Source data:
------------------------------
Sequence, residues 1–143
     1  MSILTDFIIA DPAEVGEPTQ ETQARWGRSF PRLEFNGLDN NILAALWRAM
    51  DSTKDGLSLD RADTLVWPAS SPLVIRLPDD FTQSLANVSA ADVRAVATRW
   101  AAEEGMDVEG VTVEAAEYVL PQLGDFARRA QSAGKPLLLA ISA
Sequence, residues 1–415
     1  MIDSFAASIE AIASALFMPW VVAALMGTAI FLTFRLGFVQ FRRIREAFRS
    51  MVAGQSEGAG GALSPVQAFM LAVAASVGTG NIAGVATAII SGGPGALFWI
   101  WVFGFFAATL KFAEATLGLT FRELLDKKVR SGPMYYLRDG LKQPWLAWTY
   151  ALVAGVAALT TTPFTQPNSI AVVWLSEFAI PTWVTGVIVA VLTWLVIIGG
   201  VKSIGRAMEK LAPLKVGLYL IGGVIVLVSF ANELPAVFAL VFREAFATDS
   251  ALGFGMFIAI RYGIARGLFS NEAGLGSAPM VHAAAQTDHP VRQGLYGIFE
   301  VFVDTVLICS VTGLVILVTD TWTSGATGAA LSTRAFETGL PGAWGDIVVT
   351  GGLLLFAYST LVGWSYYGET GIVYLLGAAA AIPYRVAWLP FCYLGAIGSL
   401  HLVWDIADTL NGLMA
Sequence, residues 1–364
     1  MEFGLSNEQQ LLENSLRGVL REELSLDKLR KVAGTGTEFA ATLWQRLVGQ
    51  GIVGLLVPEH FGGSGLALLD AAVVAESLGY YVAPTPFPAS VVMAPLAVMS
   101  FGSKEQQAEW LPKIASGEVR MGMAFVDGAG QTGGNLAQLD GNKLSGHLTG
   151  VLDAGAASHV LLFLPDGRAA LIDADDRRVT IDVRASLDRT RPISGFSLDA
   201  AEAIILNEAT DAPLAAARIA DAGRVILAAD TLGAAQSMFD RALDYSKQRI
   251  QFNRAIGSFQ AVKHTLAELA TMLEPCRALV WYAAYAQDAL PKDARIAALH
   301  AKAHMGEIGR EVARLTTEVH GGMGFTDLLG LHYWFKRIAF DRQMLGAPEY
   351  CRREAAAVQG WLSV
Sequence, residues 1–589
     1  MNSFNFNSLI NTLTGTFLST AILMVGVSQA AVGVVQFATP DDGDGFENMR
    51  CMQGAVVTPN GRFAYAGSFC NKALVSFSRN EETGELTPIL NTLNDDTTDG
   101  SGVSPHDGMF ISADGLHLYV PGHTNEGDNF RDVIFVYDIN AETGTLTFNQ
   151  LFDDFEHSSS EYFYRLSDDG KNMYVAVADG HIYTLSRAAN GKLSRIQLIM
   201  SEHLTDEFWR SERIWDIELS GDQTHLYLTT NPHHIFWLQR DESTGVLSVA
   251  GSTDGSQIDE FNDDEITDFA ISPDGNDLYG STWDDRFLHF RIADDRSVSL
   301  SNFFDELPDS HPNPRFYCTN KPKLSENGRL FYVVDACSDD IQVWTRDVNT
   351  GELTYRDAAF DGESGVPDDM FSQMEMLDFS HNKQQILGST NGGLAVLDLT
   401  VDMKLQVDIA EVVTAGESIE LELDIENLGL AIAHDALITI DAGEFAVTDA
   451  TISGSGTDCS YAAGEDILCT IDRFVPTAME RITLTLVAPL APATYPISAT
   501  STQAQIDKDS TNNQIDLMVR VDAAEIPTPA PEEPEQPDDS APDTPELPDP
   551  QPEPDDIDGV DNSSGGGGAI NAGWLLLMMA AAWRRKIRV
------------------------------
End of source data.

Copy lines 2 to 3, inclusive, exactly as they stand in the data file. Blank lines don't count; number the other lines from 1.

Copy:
     1  MSILTDFIIA DPAEVGEPTQ ETQARWGRSF PRLEFNGLDN NILAALWRAM
    51  DSTKDGLSLD RADTLVWPAS SPLVIRLPDD FTQSLANVSA ADVRAVATRW